Mr. Right and I often go to gallery openings, both for friends’ exhibits and for group shows at galleries and museums we like. An exhibit we particularly enjoy is the annual Watermedia exhibit sponsored by the Montana Watercolor Society, frequently held at the Bigfork Art & Cultural Center. This year, the juror for the exhibit, Iain Stewart, who also taught a workshop, said that if you seriously wanted to improve your work, you had “to be willing to ruin a painting.”
I was reminded of that when I read Jane Friedman’s article “How Can I Set Aside the Cacophony of Writing Advice and Just Write” and this passage describing the writer’s equivalent:
“There are some writers I meet who simply fear messing up and try to gather as much advice as possible before they even begin. Unfortunately, the writing process is more or less defined by messing up and starting over. Writing is revising. Good writing advice can help you avoid the serious pitfalls, or bring clarity to a confusing process, but creative work of any kind is going to involve countless bad ideas. It’s important to work through the bad stuff to get to the good stuff. (And hopefully you’ve gained enough self-awareness to know when you’ve moved past the bad into the good.)”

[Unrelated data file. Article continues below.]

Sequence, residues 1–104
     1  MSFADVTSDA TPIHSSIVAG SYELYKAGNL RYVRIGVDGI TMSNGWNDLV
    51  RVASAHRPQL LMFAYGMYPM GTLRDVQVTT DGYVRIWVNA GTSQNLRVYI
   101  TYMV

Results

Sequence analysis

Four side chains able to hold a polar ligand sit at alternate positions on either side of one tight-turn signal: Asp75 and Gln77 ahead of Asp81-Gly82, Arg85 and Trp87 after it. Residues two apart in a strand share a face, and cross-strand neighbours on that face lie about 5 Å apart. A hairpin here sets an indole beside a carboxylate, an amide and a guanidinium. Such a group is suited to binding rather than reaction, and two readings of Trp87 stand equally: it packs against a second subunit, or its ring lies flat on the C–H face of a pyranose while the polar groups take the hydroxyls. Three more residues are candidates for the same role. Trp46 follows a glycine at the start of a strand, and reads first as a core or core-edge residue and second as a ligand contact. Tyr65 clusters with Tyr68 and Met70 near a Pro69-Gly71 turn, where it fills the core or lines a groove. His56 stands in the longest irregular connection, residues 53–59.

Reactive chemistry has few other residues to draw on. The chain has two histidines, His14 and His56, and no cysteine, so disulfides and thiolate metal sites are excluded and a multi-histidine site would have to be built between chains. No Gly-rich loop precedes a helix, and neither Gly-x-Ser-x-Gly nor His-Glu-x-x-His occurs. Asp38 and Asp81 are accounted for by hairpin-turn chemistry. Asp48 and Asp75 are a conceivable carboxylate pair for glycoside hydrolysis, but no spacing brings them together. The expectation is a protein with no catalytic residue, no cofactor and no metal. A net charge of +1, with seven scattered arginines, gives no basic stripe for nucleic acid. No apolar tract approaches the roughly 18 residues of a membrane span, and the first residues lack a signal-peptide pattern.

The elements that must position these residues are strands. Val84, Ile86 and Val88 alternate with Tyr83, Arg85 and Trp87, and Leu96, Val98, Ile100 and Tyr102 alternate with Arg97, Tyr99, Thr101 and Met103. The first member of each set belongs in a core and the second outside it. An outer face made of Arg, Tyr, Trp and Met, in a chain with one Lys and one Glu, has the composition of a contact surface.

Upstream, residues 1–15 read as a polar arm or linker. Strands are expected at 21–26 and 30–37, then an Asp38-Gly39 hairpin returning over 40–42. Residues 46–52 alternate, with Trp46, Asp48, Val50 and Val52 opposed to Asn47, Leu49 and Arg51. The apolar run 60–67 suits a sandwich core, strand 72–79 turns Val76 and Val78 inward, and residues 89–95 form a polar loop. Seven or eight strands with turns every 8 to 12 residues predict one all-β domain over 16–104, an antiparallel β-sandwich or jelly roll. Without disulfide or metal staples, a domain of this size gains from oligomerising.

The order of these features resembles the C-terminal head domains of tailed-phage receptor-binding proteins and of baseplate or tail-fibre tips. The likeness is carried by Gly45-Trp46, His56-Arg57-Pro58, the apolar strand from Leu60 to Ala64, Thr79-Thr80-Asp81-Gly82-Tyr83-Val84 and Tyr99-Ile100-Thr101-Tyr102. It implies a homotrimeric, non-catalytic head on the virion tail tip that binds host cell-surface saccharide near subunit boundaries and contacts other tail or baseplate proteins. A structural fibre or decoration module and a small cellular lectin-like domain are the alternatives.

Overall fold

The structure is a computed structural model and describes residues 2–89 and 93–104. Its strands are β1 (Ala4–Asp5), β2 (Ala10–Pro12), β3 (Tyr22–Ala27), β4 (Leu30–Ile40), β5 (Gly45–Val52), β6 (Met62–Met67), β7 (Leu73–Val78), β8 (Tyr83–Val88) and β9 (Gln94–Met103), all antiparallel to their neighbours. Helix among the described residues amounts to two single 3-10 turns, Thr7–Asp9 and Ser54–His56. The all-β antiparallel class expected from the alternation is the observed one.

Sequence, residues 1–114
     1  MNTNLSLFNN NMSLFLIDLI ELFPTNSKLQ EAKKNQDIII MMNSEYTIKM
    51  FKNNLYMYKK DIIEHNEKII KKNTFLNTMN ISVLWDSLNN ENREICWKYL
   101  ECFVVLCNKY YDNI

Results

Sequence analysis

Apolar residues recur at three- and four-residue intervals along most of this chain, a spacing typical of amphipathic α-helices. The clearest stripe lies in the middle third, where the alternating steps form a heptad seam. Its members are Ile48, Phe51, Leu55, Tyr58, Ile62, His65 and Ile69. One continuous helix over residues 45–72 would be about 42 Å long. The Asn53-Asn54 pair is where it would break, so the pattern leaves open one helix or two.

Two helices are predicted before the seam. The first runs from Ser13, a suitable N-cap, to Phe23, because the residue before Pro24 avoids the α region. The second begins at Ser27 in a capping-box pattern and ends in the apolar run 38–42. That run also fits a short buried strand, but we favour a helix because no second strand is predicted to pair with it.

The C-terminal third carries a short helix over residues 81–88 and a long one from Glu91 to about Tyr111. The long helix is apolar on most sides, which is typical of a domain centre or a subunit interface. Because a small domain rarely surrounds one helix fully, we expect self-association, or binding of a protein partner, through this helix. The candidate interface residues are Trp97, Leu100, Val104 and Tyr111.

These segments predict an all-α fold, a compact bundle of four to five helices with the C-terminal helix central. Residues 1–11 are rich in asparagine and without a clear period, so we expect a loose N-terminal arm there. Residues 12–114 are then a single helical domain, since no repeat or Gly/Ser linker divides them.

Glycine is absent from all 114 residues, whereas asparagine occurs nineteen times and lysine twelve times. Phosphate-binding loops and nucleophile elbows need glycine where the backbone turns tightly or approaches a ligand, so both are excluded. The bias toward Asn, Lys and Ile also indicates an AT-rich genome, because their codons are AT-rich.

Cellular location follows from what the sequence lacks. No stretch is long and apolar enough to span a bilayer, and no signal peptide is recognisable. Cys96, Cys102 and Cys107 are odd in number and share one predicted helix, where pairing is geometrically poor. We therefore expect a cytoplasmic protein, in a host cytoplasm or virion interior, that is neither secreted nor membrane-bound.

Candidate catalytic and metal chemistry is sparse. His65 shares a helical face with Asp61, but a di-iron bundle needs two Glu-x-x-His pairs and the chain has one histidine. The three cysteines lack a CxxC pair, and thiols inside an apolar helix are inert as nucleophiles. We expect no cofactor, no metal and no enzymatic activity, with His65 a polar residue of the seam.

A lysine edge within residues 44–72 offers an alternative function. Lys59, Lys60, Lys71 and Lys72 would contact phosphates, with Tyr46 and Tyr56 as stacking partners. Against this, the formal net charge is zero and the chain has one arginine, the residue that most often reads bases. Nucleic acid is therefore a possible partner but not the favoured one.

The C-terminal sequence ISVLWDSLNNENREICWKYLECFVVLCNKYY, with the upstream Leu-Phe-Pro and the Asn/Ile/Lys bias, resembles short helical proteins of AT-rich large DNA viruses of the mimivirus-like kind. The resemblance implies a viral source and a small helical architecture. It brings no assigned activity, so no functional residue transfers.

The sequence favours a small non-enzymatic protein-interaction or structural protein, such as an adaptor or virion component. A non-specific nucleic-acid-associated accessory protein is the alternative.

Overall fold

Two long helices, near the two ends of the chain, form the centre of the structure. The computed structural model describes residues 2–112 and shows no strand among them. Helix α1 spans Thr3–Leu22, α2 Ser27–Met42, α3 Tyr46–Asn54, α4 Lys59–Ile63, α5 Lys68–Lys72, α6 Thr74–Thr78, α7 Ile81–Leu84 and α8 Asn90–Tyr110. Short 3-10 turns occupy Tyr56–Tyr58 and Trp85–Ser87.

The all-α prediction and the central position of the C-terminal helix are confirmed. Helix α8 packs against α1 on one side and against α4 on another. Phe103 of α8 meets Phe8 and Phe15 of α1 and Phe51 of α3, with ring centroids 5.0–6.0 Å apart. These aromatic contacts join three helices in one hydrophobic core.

So there you have it. Go forth and mess up.
More on this theme to come.
Watercolor by Leslie